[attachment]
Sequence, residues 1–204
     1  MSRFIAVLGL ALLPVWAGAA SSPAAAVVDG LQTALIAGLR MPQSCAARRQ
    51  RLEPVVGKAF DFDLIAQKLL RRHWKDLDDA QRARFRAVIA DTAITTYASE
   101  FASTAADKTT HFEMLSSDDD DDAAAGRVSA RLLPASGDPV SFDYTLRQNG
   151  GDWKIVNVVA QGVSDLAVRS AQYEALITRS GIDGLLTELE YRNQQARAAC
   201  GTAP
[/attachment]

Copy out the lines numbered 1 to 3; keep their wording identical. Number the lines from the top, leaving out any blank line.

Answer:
Sequence, residues 1–204
     1  MSRFIAVLGL ALLPVWAGAA SSPAAAVVDG LQTALIAGLR MPQSCAARRQ
    51  RLEPVVGKAF DFDLIAQKLL RRHWKDLDDA QRARFRAVIA DTAITTYASE